Stalking, domestic abuse and the workplace
Stalking is persistent and unwanted behaviour which causes or has the intention to cause fear or alarm. It is a form of surveillance underpinned by the communication of that surveillance.
Stalking is a common tactic used by perpetrators of domestic abuse, but can also be perpetrated by colleagues, neighbours, friends, acquaintances and strangers. The emotional and psychological impact of stalking can result in increasing fear, stress and anxiety, and loss of safety or trust. Victim-survivors of stalking worry that it will impact their job because of unexplained or frequent absences to avoid their stalker.
Stalking can have a significant impact on the workplace because stalkers are able to pinpoint the location of their victim when they are at work. Because of this, victim-survivors may turn up late or want to leave early. For example, some women may want to leave work before it is dark, so it is still light out when they get home which makes them feel safer.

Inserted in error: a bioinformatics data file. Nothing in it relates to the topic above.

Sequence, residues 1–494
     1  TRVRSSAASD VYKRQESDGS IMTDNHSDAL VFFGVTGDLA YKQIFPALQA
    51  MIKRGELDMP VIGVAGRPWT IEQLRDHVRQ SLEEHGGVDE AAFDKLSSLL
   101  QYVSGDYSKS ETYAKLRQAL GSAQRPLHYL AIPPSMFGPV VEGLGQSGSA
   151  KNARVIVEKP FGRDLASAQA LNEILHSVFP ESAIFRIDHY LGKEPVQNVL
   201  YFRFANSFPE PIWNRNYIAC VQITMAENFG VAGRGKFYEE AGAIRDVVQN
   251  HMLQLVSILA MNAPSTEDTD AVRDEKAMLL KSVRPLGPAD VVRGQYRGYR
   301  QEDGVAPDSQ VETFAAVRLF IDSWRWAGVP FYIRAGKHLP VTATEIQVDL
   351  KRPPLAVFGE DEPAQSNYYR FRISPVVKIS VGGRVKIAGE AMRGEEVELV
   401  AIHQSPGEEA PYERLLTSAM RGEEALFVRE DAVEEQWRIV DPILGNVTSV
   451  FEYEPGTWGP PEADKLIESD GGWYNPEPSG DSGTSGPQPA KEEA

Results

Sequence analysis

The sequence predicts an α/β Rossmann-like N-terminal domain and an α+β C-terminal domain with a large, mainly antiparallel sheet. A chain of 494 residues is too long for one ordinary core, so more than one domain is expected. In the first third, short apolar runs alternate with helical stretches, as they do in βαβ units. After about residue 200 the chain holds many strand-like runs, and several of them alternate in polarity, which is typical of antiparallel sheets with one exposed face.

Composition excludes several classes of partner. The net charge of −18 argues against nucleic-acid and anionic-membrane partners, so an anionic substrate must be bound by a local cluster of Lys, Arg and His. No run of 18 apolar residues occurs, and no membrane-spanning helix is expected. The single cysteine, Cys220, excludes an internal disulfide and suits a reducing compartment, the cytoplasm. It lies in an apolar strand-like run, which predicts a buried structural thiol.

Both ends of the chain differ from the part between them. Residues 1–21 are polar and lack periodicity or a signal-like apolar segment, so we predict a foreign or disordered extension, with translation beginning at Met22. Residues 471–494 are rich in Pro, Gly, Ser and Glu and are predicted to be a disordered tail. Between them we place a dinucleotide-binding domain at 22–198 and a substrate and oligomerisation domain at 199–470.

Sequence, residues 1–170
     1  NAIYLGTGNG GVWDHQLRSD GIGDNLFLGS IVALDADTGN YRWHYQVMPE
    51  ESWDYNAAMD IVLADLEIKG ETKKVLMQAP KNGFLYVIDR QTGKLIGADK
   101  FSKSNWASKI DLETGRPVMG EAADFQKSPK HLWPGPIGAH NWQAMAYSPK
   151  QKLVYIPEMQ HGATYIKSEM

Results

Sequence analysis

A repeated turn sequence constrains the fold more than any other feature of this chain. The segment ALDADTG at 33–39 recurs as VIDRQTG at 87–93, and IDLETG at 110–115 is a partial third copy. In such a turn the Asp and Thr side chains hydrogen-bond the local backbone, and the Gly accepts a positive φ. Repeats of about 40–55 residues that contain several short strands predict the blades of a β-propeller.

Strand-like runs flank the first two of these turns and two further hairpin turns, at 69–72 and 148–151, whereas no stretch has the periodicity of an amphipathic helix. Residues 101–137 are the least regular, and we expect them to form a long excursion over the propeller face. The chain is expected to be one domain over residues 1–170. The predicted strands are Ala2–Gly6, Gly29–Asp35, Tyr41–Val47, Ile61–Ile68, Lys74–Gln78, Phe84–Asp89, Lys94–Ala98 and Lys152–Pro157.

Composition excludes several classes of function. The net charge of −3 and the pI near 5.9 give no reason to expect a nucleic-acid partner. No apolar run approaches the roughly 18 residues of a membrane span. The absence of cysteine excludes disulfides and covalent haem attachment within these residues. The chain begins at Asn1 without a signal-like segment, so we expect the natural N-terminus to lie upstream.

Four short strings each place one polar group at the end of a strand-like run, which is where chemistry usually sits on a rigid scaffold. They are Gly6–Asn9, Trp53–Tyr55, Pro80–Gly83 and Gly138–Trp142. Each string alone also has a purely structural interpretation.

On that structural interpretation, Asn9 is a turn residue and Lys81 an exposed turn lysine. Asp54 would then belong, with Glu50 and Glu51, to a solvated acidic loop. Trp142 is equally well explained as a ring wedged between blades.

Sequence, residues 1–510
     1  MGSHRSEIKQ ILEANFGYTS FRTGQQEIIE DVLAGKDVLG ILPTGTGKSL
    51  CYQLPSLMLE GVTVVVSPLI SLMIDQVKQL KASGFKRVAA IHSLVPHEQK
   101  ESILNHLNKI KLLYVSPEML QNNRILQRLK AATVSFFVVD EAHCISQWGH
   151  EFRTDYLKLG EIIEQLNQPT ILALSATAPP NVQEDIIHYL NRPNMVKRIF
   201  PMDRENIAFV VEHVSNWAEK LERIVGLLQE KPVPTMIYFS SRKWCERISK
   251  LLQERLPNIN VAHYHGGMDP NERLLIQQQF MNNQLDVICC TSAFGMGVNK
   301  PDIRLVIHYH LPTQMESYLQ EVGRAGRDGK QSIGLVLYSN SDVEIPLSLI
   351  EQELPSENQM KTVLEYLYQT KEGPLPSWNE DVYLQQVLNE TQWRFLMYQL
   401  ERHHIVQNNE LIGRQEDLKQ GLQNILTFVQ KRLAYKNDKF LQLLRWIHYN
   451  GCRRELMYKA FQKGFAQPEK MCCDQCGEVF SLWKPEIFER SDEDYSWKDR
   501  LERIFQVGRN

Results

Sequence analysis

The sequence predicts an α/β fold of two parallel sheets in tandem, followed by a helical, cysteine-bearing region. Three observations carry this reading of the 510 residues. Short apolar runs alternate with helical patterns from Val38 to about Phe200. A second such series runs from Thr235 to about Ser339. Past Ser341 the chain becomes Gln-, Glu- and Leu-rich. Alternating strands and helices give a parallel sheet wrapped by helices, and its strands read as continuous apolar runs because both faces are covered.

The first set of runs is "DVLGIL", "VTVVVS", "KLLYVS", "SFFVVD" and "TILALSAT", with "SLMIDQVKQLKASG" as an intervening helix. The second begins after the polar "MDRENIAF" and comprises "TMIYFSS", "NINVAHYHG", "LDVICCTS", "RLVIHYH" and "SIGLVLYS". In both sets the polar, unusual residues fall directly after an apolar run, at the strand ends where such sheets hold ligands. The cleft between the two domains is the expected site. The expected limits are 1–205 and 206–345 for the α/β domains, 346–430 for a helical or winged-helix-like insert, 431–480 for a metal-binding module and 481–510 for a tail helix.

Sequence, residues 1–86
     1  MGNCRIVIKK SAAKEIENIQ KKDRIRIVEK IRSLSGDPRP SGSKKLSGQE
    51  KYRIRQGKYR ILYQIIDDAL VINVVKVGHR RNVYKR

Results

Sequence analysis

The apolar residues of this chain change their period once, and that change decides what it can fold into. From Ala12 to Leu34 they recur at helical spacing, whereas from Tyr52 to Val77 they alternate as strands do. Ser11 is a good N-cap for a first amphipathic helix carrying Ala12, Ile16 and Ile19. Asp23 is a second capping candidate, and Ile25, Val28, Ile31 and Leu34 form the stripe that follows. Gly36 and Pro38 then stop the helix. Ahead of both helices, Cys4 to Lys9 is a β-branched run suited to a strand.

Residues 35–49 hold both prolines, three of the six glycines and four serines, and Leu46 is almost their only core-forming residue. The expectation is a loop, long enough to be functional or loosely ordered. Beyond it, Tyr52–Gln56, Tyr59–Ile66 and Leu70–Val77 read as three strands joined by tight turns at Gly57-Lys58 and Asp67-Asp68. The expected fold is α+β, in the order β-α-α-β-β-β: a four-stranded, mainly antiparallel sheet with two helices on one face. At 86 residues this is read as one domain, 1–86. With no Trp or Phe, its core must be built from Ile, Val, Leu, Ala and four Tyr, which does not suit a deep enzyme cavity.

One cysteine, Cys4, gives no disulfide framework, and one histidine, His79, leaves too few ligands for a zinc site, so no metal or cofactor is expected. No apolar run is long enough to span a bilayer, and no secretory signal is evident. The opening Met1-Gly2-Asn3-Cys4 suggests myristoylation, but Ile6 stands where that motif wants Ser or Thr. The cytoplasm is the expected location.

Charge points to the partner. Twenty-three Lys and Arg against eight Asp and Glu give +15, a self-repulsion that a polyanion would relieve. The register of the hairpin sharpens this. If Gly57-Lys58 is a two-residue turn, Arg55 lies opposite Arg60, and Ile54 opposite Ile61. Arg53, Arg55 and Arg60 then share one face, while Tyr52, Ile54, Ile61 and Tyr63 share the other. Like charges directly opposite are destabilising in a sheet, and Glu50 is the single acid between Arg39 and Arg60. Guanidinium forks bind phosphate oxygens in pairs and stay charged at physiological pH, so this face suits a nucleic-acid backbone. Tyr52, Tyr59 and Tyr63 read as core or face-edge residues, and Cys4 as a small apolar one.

Tactics used by stalkers to disrupt women’s employment can include:
- Preventing them from attending work by tampering with their car;
- Using workplace resources such as phones and email to threaten, harass and abuse employees;
- Watching or spying on them, or forcing contact with them through any means, including social media;
- Following victims to and from work;
- Sending unwanted gifts or flowers to their work; and
- Targeting their colleagues.
Many women who experience domestic abuse will also be stalked by the same partner or ex-partner. It is therefore good practice to include information about stalking in your domestic abuse policy.Go back to the Domestic Abuse homepage